Moschino's Jeremy Scott is known to take the themes of his collections quite literally (in case you forgot, last season's models wore actual trash down the runways) and his show in Milan today was no exception. For Spring 2018, the designer was inspired by florals—and no, not the kind that would make Miranda Priestly scoff–but actual life-size flowers. Advertisement - Continue Reading BelowWhile the show started with a punk-twist on My Little Pony, the final 18 looks quickly flipped a switch, embracing blown-up flowers, butterflies, and nature in bloom. Taking the floral theme to new heights, Gigi Hadid and Kaia Gerber closed the show wearing matching bouquets of flowers—ribbons and all: GettyGerber even had flowers growing out of her white over-the-knee boots, which seems like a logical way to make winter boots work for spring. GettyAdvertisement - Continue Reading BelowBut those weren't the only flower-inspired looks. Joan Smalls walked the runway in a skirt made out of red roses: GettyAdvertisement - Continue Reading BelowWhile another model wore a callalily-shaped gown:GettyAnd then this model just wore nothing but a shrub of flowers from head-to-toe:div cla... http://www.harpersbazaar.com/fashion/fashion-week/a12447089/moschino-spring-2018/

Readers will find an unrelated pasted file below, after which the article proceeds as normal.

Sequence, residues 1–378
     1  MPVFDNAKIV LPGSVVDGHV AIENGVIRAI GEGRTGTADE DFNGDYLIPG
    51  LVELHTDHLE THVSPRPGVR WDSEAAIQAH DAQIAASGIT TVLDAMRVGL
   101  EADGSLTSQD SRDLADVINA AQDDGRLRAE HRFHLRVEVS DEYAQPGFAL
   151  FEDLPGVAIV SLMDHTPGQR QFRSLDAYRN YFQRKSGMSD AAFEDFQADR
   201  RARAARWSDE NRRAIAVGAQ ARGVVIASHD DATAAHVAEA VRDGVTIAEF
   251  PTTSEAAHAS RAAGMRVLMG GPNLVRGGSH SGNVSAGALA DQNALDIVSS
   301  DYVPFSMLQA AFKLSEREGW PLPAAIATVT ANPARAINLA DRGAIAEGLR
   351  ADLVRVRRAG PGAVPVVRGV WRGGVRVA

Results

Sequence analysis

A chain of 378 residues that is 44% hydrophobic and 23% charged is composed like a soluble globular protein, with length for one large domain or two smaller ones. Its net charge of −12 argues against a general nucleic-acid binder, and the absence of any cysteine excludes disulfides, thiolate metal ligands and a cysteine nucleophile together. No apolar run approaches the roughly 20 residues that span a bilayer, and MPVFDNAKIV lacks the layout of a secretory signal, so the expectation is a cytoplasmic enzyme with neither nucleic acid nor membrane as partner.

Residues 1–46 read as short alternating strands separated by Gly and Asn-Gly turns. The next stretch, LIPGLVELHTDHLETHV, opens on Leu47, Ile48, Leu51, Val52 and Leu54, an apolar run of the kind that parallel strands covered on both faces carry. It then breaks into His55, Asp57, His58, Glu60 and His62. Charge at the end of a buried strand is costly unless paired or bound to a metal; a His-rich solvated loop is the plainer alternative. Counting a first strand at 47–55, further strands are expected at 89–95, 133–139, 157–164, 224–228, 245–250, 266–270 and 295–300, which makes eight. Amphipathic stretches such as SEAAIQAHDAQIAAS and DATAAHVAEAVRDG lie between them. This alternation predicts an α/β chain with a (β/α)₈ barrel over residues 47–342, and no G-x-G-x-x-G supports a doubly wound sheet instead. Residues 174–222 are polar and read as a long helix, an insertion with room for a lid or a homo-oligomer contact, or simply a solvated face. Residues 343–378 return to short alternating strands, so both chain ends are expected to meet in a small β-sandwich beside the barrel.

Romantic, fragrant plants you can grow for bodily balance - Green ProphetTuesday, June 13, 2017